A motion to dismiss for lack of personal jurisdiction is governed by a two-part analysis. First, a court determines whether the plaintiff has alleged facts sufficient to subject the defendant to the applicable long-arm statute. Future Tech. Today, Inc. v. OSF Healthcare Sys., 218 F.3d 1247, 1249 (11th Cir. 2000). Second, the court examines whether sufficient minimum contacts exist between the defendant and the forum state so as to satisfy "traditional notions of fair play and substantial justice" under the Fourteenth Amendment's due process clause. Id. In patent infringement actions, the law of the Federal Circuit governs the due process inquiry. Breckenridge Pharm., Inc. v. Metabolite Labs., Inc., 444 F.3d 1356, 1361 (Fed. Cir. 2006).

The plaintiff bears the initial burden of establishing a prima facie case of personal jurisdiction. Meier ex rel. Meier v. Sun Int'l Hotels, Ltd., 288 F.3d 1264, 1268-69 (11th Cir.2002). "A prima facie case is established if the plaintiff presents enough evidence to withstand a motion for directed verdict." Id. at 1269 (internal quotation marks omitted). If the defendant submits affidavits to the contrary, the burden "shifts back to the plaintiff to produce evidence supporting jurisdiction unless those affidavits contain only conclusory assertions that the defendant is not subject to jurisdiction." Id. If the evidence conflicts, "the court must construe all reasonable inferences in favor of the plaintiff." Id.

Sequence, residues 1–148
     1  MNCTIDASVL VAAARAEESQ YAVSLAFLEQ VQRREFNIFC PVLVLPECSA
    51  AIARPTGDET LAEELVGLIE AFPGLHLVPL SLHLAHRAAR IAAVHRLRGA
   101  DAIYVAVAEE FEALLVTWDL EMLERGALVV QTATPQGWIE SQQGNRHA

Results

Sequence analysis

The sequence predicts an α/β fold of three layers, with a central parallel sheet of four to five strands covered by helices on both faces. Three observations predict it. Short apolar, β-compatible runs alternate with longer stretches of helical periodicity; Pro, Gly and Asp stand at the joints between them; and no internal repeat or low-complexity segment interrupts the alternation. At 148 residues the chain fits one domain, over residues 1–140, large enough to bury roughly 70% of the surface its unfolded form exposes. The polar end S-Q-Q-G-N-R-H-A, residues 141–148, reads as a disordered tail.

1. Florida long-arm statute

Plaintiffs argue that personal jurisdiction exists under Section 48.193(1)(a)(2) of Florida's long-arm statute, which applies if a cause of action arises from the commission of a tortious act in Florida. Patent infringement constitutes a tort within the meaning of the statute. Kemin Foods, L.C. v. Omniactive Health Techs., Inc., 654 F.Supp.2d 1328, 1333 (M.D. Fla. 2009). And pursuant to 35 U.S.C. § 271(a), patent infringement occurs when a person "without authority makes, uses, offers to sell, or sells any patented invention, within the United States."

Plaintiffs contend that JSF committed patent infringement by "offering to sell" its RRFBs in Florida. (Dkt. 45 at 9) Plaintiffs point to invoices documenting that JSF paid to advertise its RRFB system in a trade journal for the International Municipal Signal Association ("IMSA"), which has a circulation of over 10,000, primarily across the United States and Canada. (Dkt. 46-2 at 22-27; Dkt. 46 at ¶ 6) Attached to the invoices is JSF's full-page advertisement, which is titled "An RRFB crosswalk system worth looking into." (Dkt. 46-2 at 27) Under the title is a large picture of an RRFB with arrows identifying its main features. The bottom of the page states: "See more of our solar products online!" followed by JSF's website and phone number. (Id.)